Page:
Global Knowledge Work
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Global Knowledge Work

Diversity and Relational Perspectives

Edited by Katerina Nicolopoulou, Mine Karataş-Özkan, Ahu Tatli and John Taylor

Global Knowledge Work is an up-to-date account of theoretical approaches and empirical research in the multi-disciplinary topic of global knowledge workers from a relational and diversity perspective. It includes contributions from international scholars and practitioners who have been working with the concept of global knowledge workers from a number of different perspectives, including personal and academic life trajectories. They reveal that the relational framework of the three dimensions of analysis (macro-meso-micro) is relevant for analyzing the phenomenon of global knowledge workers, as expertise and specialised knowledge and its innovative application, together with the attraction and retention of talent remain key topics in the current socioeconomic conditions.
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Chapter 10: Women in Public Relations and Profit Organizations in the UAE: How Gender Influences Practice

Badreya Al-Jenaibi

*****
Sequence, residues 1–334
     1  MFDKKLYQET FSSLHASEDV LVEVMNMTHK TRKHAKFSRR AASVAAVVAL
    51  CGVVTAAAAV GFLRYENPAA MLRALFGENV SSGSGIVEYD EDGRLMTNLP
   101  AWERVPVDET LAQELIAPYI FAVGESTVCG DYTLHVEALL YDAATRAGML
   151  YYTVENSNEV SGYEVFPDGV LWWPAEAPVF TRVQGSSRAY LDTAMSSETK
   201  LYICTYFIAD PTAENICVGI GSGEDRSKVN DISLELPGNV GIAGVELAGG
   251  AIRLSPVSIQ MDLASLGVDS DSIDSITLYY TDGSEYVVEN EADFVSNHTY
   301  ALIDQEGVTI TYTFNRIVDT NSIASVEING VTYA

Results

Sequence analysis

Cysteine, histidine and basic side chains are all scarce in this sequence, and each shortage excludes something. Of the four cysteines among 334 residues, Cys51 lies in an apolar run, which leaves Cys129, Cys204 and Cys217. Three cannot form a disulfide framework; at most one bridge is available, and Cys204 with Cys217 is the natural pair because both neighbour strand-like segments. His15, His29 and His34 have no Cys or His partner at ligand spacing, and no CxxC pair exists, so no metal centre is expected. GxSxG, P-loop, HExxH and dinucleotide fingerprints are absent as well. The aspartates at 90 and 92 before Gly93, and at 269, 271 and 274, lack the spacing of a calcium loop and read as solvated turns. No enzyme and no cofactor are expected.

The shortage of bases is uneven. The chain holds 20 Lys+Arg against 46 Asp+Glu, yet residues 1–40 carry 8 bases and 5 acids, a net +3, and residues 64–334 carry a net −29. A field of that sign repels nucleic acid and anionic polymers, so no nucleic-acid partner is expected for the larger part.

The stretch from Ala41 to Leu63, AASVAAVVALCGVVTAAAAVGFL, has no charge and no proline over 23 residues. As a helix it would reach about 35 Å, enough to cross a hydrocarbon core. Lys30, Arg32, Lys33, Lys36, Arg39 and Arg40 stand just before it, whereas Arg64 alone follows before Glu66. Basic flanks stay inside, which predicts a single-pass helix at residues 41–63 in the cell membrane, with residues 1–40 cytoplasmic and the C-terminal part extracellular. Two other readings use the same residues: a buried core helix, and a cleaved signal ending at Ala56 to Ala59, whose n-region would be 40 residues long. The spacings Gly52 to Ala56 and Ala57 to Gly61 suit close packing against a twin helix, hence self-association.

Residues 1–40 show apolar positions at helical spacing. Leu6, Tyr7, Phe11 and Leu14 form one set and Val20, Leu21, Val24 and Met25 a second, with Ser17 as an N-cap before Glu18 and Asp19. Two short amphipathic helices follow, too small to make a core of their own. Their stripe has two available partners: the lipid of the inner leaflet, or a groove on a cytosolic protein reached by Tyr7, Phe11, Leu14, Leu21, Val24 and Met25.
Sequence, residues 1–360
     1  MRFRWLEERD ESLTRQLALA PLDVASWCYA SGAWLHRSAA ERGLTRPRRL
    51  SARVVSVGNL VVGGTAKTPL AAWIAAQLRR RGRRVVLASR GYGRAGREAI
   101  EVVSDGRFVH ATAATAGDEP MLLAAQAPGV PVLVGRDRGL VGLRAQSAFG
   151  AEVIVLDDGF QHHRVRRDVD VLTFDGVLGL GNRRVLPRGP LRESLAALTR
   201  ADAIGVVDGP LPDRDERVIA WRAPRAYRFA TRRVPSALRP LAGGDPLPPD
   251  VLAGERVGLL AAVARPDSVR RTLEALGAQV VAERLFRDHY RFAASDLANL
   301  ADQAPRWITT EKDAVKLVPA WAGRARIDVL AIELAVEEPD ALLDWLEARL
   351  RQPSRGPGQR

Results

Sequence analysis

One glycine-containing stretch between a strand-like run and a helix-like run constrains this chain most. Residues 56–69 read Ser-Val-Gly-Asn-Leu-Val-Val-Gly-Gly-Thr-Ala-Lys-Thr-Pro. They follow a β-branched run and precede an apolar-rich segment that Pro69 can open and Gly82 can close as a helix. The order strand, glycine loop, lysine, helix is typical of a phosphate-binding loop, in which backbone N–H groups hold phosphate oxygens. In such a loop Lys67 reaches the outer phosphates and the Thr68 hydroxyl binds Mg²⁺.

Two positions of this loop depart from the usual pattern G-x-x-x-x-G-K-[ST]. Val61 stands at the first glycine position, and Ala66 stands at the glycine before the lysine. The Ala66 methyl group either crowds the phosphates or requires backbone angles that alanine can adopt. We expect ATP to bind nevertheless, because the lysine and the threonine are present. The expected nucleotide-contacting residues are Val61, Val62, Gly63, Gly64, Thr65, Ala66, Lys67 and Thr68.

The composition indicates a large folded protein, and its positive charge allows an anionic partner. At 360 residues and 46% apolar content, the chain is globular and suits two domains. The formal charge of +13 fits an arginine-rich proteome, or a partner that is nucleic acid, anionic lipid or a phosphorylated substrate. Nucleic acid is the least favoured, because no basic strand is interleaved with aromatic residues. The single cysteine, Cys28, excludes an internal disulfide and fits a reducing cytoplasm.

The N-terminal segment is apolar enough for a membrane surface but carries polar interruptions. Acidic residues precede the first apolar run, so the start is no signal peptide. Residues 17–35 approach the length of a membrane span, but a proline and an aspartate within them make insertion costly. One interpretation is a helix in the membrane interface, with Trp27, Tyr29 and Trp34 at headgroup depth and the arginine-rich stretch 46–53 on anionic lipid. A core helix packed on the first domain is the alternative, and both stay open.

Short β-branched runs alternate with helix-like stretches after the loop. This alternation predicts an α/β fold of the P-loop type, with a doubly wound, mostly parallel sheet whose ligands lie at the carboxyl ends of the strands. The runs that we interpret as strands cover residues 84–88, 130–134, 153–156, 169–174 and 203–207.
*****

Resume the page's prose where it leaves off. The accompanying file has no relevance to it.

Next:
Badreya Al-Jenaibi INTRODUCTION Gender difference is an important issue. Gender is defined as a ‘classification of sex’ (Al-Lamky, 2007, p. 49), and as ‘the behavioral, cultural, or psychological traits typically associated with one sex’ (Hogan, 2010, p. 1). Gender has always been a mutter of debate when it comes to differences between men and women in all aspects of life. Each gender is purported to have different thoughts, attitudes, reactions, behaviours, physical (Biagi, 2005) and biological characteristics that lead to each gender being perceived in a distinctive way. With all these differences, both inherent and/or learned, the workplace is definitely affected by the idea of gender. Despite all the development and technology that the world enjoys nowadays, gender differences still play an unfair role as the skills and qualifications of women are lost when gender type interferes with perception. The perception that women are lesser than and unequal to men, however, has proven to be inaccurate as shown by women who have reached far beyond ordinary measures of success (Cutlip, 1994). In spite of many advances in most societies regarding women and work, in 2003, the US Federal Glass Ceiling Commission released a report showing that 49% of employers were not as likely to risk hiring females over males, especially married women (Askew and Ross, 2008). The employers thought that married women who had children were affected by their motherly emotions and responsibilities (Macnamara, 2005) which were undesirable in some jobs. Nevertheless, there are some professions that have embraced female...

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